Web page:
Beyond bringing natural life, the Holy Spirit also brings spiritual life amidst humanity’s spiritual death caused by sin and ruptured relationship with God. In Ezekiel 37:6, Ezekiel the prophet preaches to a valley of dry bones, representing the spiritually dead people of God. It is God’s breath and wind that invigorates this mass of death into a living army of God. This image likely lingers behind Jesus’ memorable words to Nicodemus: “The wind blows wherever it pleases. You hear its sound, but you cannot tell where it comes from or where it is going. So it is with everyone born of the Spirit” (John 3:8). The Holy Spirit is like wind breathing divine life into us, spiritually restoring us with God through Jesus Christ. In Acts 2, when the violent wind rushes into the house where the disciples were gathered on Pentecost day, we see that the Holy Spirit is coming in fulfillment of prophecy to breathe God’s divine life back into humanity.
The Holy Spirit is Like Fire Secondly, the Holy Spirit is often symbolized as fire. Return with me to Acts 2:
They saw what seemed to be tongues of fire that separated and came to rest on each of them. All of them were filled with the Holy Spirit and began to speak in other tongues as the Spirit enabled them. (Acts 2:3-4)
Throughout Scripture, fire is a symbol of the presence of God. When Moses knelt at the burning bush (Exodus 3) or Elijah battled the prophets of Baal at Mt. Carmel (1 Kings 18), God’s powerful and holy presence is accompanied by fire. Fire is a symbol of God’s leading presence, such as when God led His people out of slavery in Egypt to the Promised Land with a pillar of cloud by day and a pillar of fire by night. Fire also conveys God’s purifying presence, best known through the prophet Isaiah’s striking vision of God where a fiery coal taken from the heavenly altar serves to purify Isaiah’s lips (Isaiah 6). Fire also symbolizes God’s passionate presence, seeking after people. After receiving a message from God, the prophet Jeremiah heard these words, “I will make my words in your mouth a fire” (Jeremiah 5:14). Later on, Jeremiah exclaimed, “His word is in my heart like a fire, a fire shut up in my bones” (20:9)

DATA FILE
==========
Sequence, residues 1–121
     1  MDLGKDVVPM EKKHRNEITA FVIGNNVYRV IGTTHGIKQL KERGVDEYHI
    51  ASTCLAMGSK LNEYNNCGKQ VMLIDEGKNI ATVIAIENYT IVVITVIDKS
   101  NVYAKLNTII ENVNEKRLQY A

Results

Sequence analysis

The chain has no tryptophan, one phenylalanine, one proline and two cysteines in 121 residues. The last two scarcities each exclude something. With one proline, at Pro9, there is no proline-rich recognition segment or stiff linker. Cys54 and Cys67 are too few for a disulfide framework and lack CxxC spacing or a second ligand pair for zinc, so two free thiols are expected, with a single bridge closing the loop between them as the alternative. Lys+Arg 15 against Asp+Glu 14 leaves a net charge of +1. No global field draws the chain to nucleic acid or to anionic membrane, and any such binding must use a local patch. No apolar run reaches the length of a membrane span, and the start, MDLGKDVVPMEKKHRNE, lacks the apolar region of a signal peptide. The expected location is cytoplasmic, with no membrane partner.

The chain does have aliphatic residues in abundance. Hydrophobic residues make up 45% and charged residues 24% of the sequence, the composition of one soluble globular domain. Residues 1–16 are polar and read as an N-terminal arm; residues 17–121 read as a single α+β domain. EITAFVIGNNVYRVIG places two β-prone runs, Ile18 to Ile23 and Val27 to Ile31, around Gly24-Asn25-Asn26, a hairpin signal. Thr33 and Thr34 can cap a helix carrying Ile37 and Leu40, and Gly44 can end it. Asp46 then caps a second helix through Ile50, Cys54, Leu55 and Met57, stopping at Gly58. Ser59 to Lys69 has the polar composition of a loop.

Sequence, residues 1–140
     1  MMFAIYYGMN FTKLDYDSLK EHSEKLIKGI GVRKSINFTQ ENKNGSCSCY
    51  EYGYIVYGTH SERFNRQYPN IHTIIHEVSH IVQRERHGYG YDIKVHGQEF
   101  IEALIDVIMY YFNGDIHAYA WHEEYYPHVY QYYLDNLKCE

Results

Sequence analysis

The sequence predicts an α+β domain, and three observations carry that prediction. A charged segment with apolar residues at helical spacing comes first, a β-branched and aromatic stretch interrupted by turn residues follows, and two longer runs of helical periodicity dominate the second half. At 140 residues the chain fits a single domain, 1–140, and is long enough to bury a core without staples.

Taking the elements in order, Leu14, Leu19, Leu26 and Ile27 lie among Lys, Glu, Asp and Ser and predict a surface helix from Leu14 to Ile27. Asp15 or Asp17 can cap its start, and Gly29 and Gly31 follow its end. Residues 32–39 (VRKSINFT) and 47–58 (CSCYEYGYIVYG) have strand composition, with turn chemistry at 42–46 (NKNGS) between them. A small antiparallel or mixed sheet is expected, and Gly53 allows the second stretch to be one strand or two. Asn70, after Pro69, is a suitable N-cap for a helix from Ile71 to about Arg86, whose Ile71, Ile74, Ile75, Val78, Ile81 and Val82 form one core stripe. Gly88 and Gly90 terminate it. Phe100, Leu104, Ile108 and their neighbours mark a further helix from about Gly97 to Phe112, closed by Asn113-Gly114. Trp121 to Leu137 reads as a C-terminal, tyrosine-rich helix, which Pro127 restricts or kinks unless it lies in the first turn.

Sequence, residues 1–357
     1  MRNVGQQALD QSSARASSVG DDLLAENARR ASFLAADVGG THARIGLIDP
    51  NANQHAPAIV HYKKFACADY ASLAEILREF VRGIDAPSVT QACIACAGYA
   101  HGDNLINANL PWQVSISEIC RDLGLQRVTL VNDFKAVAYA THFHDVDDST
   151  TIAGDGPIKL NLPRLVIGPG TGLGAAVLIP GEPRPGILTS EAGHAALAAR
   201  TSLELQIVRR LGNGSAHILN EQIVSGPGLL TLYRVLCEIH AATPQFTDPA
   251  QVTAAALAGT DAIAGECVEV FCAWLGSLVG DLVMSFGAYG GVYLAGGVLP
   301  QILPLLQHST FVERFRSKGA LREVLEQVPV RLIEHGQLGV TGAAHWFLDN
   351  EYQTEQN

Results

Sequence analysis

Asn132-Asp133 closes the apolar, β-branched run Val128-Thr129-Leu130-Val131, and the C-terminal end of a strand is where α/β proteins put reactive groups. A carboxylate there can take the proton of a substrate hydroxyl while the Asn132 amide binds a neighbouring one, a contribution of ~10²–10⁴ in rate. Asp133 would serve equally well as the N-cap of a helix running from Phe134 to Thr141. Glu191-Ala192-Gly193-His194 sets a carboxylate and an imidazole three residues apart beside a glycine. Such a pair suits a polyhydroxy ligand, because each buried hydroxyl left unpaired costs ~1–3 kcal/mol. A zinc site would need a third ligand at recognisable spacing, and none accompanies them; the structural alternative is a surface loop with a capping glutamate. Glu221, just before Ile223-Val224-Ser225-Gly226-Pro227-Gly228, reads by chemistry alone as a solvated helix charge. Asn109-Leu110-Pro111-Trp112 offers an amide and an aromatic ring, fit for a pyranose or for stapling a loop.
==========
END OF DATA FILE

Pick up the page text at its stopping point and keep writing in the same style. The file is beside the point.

When the Holy Spirit comes upon the early disciples of Jesus in Acts 2 in the form of tongues of fire, He is kindling His presence within His people. That indwelling presence of the Holy Spirit brings divine guidance, holiness, and passion into the lives of Jesus’ disciples.
The Holy Spirit is Like Water Thirdly, the Holy Spirit is symbolized as water. Earlier in the book of Acts, just before His ascension, Jesus says to His disciples:
For John baptized with water, but in a few days you will be baptized with the Holy Spirit. (Acts 1:5)
βαπτίζω (baptizo) means literally to immerse, and so Jesus is telling His followers that they will be washed or submerged in the Holy Spirit just as they would be with water in baptism. The Apostle Peter echoes this later, after the Pentecost arrival of the Holy Spirit, when he preaches with reference to the words of the prophet Joel, saying, “In the last days, God says, I will pour out my Spirit on all people” (Acts 2:17).
The Holy Spirit is like water poured into our lives from God. This reminds us of the Genesis account of Creation where the Spirit of God hovered over the primordial waters of the cosmos that were still formless and void. The primordial deep was met with God’s Spirit to bring life in beauty, form, and ongoing creativity.
This image of the Holy Spirit as water may also call to mind two episodes from Jesus’ life and ministry. The first is Jesus’ encounter with the Samaritan Woman by the well in John 4. Moving from the earthly waters of Jacob’s well, Jesus says: